The cause célèbre of the Madison protesters has been the 2015 shooting of a 19-year old biracial man named Tony Robinson, who, on the night of the incident, had been on marijuana, hallucinogenic mushrooms, and Xanax. Officer Matt Kenny, who was dispatched to the scene in response to several calls complaining about Robinson’s behavior, said the young man met him in a stairwell with a punch to the face. According to Kenny, the two fought, and Kenny said he shot Robinson because he was fearful of what would happen if Robinson got a hold of his gun.
In May 2015, Dane County District Attorney Ismael Ozanne, himself African-American, gave an emotional press conference in which he announced he would not be pressing charges. Kenny is still on the police force.
It is largely this incident that led Freedom Inc. to demand the complete defunding of police in the city. As newspapers across the nation parsed exactly what “defund police” meant—in some areas, it could be read as “reform police” or “divert funds from police departments to mental health and other social services”—the Madison protesters’s demands were perfectly clear. Freedom Inc. called for police to be “abolished,” especially in “neighborhoods where people of color are concentrated.”
Ironically, if the police force were defunded, taxpayers would still be funding Freedom, Inc. In the past five years, the group has received $3.6 million in state and federal grants for “minority and LGBTQ advocacy.”
Madison’s troubling capitulation to social justice groups hasn’t just been in city government. In 2014, the city school district, recognizing that its suspension policy inordinately affected African-American children, effectively did away with suspensions altogether.
While the district called the plan “a progressive and restorative approach to behavior and discipline,” the kids recognized it as something different completely—they now had the run of the schools, knowing there were no punishments for bad behavior.
“What’s changed is kids have the mindset that they are in charge now,” said one teacher to a local newspaper. “You walk into the school and there are just kids everywhere. Walking the halls. Leaving the classrooms whenever they want,” she said.
“If a kid says, ‘F— you’ to you six or seven times and there are no repercussions—it becomes pretty clear who is in charge,” said another teacher.
The school district, along with the city, has been caught completely flat-footed by the area’s new racial diversity.
The black population of Madison has doubled since 1990; in 1991, Madison public high schools were 81 percent white; by 2018, that number had dropped to 44.7 percent. During that time, the number of black high school students nearly doubled, while the number of Hispanic and Latino students has grown from 160 to over 1,500.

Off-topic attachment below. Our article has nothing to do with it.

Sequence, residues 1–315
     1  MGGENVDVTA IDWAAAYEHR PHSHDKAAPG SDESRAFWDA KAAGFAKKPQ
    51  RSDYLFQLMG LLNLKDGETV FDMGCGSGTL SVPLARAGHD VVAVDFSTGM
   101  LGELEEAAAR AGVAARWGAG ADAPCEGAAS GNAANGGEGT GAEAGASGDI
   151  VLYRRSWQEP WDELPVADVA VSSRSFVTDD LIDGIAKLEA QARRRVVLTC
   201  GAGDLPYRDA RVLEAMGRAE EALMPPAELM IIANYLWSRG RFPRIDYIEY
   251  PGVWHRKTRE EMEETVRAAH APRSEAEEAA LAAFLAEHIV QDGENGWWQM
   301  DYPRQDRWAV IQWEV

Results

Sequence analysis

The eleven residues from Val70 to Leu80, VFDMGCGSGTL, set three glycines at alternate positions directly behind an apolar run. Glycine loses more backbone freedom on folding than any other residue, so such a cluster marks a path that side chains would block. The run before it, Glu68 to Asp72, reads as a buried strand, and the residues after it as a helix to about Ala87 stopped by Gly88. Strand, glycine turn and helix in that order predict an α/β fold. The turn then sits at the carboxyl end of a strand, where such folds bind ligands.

This demographic shift has given ammunition to racial justice groups that claim Madison, perhaps the most proudly progressive city in America, is also one of the worst for black people in the country. Much of this is because the city has a very small black middle class.
Consequently, the disparity in education, income, and arrests in Madison is vast. Just last week, a local progressive newspaper noted that in 2018, blacks made up 43 percent of the city’s arrests, while African Americans comprised only 7 percent of the population.
Clearly, the answer given by both the city and school board are to flatten that disparity by reducing punishment, a move that has created chaos in a once placid city. Of course, the architect of the school discipline plan, former Superintendent Jennifer Cheatham, left the district in August.
After six years as head of the district, she was rewarded with a position as a lecturer at Harvard University.
A school-related issue reared its head during the George Floyd protests, as a caravan of activists drove to School Board President Gloria Reyes’ home to demand police officers—school resource officers—be removed from the city’s public high schools.
The Madison teachers’ union offered a qualified endorsement of removing police from schools, saying the presence of officers triggered “racialized trauma experienced by some of our community members of color.” Previously, the union had supported officers in the school to maintain order.
But the union switched positions only on the condition that the district first hired 33 more support staff (counselors, nurses, psychologists), which, of course, would be new dues-paying members of the union. Evidently black lives matter, but only at a price.
Soon Reyes, a former police officer herself, capitulated to the activists and supported removing the school resource officers from the four high schools.
“The complexities of these times have lasting and painful memories for our students and staff, and we must press harder to dismantle systems that perpetuate racism and create new structures, void of harmful inequities, and with the wellbeing of every student at the center,” Reyes wrote in a statement.
In a twist, support for the police came from an unexpected place. On June 10, a Facebook video of Rhodes-Conway was discovered in which she offers sympathy to police officers, telling them it must be frustrating to be “as committed as I know you are to community policing and to still be criticized for not doing enough.”
The video, which was posted on an internal Facebook page meant for police officers only, was clearly meant to lower the city’s temperature in an attempt to avoid further confrontations.
But when activists saw the video, they were outraged that the mayor would appear to be siding with the cops.
“Does this sound like a woman that understands why black people and white allies across the country keep showing up and out?” wrote the group Urban Triage on its Facebook page.
“Does this sound like a woman that has what it takes to do right by the community? By black people?,” the post read.
Predictably, Rhodes-Conway recorded another video apologizing for the first.
“Black lives matter,” Rhodes-Conway said in the apology video. “I believe deeply in this and yet I failed to center this in my message to the police department,” she said. “I realize that this action has done deep harm to the black community and for this, I apologize.”
But the mayor’s groveling didn’t buy her any goodwill from the group of young activists, who have been raised and educated in Madison to believe they are the ones in charge.
Urban Triage responded by calling Rhodes-Conway a racist and a white supremacist. The group’s Facebook post ended with a simple message for one of America’s most progressive mayors:
Christian Schneider is a reporter for The College Fix and author of 1916: The Blog.